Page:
Worldwide, it is estimated that 49 percent of people with both diseases are unaware of their co-infection due to not being tested,10 and therefore fail to receive the necessary care.

Another challenge to diagnostics is painfully simple: distance. In emerging countries like India, testing centres are more prevalent in cities. Simply reaching a test centre can be difficult or costly for poorer people in rural areas,11 even if the test itself is subsidised. Simple measures, however, such as providing transport subsidies could boost access to testing, as noted in a study of low-income rural TB patients in China.12 A 2017 report on a survey that focuses on viral hepatitis testing in low- and middle-income countries, including Southeast Asia, noted that it was common for patients to have to foot the bill — another barrier to getting people diagnosed.13 “In terms of future policy,” the report explained, “there is scope for involving non-health workers with task-shifting to promote testing as achieved with HIV.” The authors added that increased testing requires multiple factors that need to combine, such as bolstered community awareness, healthcare worker training, building robust national strategies, and better access. Because to make headway in managing these infectious diseases effectively, governments must build an interlinked chain reaction of success.

the global access program
HIV, Hepatitis and Tuberculosis: Turning Back the Clock on Decades of Progress - DIA:logue

Big Targets, Better Collaboration

It is clear that a coherent strategy for diagnosis and treatment needs to be in place to improve healthcare access. The WHO states that “we need to improve data systems, diagnostics, laboratories and drug supply, and provide better linkages with other services […] using integrated service delivery models such as ‘one-stop shops’.”10 

Furthermore, the WHO aims for a 90 percent reduction in new chronic hepatitis infections.14 The target for TB is an end to the disease by 2035.15  To achieve this, however, testing needs to come to the forefront, by identifying new cases and starting the patient journey towards care.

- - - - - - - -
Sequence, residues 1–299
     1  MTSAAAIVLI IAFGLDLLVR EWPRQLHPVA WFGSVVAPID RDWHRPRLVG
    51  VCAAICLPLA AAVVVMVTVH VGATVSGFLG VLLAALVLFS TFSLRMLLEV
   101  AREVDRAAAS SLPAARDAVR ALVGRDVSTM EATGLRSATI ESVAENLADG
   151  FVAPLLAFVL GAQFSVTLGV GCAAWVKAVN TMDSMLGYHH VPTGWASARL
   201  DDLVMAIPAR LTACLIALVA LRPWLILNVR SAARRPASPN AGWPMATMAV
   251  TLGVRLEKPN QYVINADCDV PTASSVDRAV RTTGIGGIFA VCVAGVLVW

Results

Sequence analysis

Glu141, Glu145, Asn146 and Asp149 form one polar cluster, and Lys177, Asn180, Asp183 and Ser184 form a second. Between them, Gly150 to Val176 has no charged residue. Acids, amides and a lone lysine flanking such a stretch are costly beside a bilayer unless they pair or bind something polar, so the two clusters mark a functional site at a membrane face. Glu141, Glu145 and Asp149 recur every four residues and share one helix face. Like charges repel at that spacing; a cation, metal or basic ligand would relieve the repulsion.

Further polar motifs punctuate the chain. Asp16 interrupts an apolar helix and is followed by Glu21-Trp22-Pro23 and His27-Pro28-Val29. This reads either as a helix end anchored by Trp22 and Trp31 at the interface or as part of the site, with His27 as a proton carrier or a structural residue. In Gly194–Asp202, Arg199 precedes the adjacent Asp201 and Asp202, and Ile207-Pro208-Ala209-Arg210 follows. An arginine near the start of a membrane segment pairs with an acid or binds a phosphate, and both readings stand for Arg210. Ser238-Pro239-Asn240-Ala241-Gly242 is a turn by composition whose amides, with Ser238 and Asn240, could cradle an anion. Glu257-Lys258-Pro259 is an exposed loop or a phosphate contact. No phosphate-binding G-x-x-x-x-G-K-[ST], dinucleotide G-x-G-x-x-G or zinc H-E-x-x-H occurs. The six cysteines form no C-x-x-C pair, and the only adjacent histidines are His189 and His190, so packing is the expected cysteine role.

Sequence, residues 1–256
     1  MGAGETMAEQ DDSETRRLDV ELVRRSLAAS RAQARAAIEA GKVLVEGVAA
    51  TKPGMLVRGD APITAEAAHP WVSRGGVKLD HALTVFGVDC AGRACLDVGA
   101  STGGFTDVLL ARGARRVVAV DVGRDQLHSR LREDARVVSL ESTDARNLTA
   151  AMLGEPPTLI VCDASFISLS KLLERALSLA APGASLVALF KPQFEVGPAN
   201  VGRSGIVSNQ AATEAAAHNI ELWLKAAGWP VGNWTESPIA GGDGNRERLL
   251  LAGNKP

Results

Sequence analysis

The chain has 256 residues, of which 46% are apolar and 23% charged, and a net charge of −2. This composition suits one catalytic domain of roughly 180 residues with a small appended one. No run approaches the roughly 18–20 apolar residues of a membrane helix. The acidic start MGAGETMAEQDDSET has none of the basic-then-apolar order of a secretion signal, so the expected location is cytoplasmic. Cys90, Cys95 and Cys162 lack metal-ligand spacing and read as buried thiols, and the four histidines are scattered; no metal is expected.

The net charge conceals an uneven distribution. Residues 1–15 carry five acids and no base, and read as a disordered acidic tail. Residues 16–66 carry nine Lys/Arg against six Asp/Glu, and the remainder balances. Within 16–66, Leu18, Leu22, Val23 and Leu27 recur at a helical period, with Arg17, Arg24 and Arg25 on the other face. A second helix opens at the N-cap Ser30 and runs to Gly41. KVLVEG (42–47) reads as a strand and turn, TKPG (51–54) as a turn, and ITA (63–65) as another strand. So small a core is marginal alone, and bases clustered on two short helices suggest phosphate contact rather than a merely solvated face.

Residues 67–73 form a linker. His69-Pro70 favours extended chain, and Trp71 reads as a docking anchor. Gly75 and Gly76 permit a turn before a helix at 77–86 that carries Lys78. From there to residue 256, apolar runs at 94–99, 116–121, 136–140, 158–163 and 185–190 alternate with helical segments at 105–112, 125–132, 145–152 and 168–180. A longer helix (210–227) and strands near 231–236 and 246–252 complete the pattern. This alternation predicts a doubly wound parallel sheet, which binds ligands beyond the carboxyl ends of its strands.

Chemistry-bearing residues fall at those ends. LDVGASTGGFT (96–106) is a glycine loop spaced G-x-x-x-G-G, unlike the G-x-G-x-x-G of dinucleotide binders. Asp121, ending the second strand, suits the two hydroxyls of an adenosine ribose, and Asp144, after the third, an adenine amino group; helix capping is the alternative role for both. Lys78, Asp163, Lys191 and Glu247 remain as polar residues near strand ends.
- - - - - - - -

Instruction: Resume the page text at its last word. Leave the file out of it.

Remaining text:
Goals like this are ambitious but crucial. They provide the urgent spur the world needs, if we are to start controlling persistent infectious diseases.

Read more healthcare and diagnostics news at Roche publications.


1World Health Organization. (2020). Number of deaths due to HIV/AIDS
Estimates by WHO region. Global Health Observatory data repository. Retrieved from

2Joint United Nations Programme on HIV and AIDS. (2020). Global Aids Update 2020 — Seizing the Moment: Tackling entrenched inequalities to end epidemics. Retrieved from

3World Health Organization. (2020). Tuberculosis. Retrieved from

4Liu J, Liang W, Jing W, and Liu M. (2018). Countdown to 2030: eliminating hepatitis B disease, China. Bulletin of the World Health Organization 2019;97:230-238.

5World Health Organization. (2016). Up to 10 million people in China could die from chronic hepatitis by 2030 – Urgent action needed to bring an end to the ‘silent epidemic’. Retrieved from

6O’Connell S, Lillis D, Cotter A, et al. (2016). Opt-Out Panel Testing for HIV, Hepatitis B and Hepatitis C in an Urban Emergency Department: A Pilot Study. PloS one, 11(3), e0150546.

7Unitaid. (2018). Multi-disease Diagnostic Landscape for Integrated Management of HIV, HCV, TB and Other Coinfections — January 2018. Retrieved from

8Central TB Division, Ministry of Health and Family Welfare, Government of India. (2019). India TB Report 2019 — Revised National TB Control Programme Annual Report. Retrieved from

9Reid M, Arinaminpathy M, Bloom A, et al. (2019). Building a tuberculosis-free world: The Lancet Commission on tuberculosis. The Lancet Commissions, 393;10178:1331-1384.

10World Health Organization. (2018). TB causes 1 in 3 HIV deaths. Retrieved from
11Subbaraman R, Thomas BE, Sellappan S, et al. (2017). Tuberculosis patients in an Indian mega-city: Where do they live and where are they diagnosed?. PLoS One.

12Zhao Q, Wang L, Tao T, and Xu B. (2013). Impacts of the “transport subsidy initiative on poor TB patients” in Rural China: a patient-cohort based longitudinal study in rural China. PloS one, 8(11), e82503.

13Ishizaki A, Bouscaillou J, Luhmann N, et al. (2017). Survey of programmatic experiences and challenges in delivery of hepatitis B and C testing in low- and middle-income countries. BMC infectious diseases, 17(Suppl 1), 696.

14World Health Organization. (2020). Hepatitis. Retrieved from

15World Health Organization. (2015). WHO End TB Strategy — Global strategy and targets for tuberculosis prevention, care and control after 2015. Retrieved from

16World Health Organization. (2016). Combating Hepatitis B and C to Reach Elimination by 2030. Retrieved from

17Roche. (2020). Global Access Program. Retrieved from

*The information contained in this article was extracted from Edition 2020, Vol 8.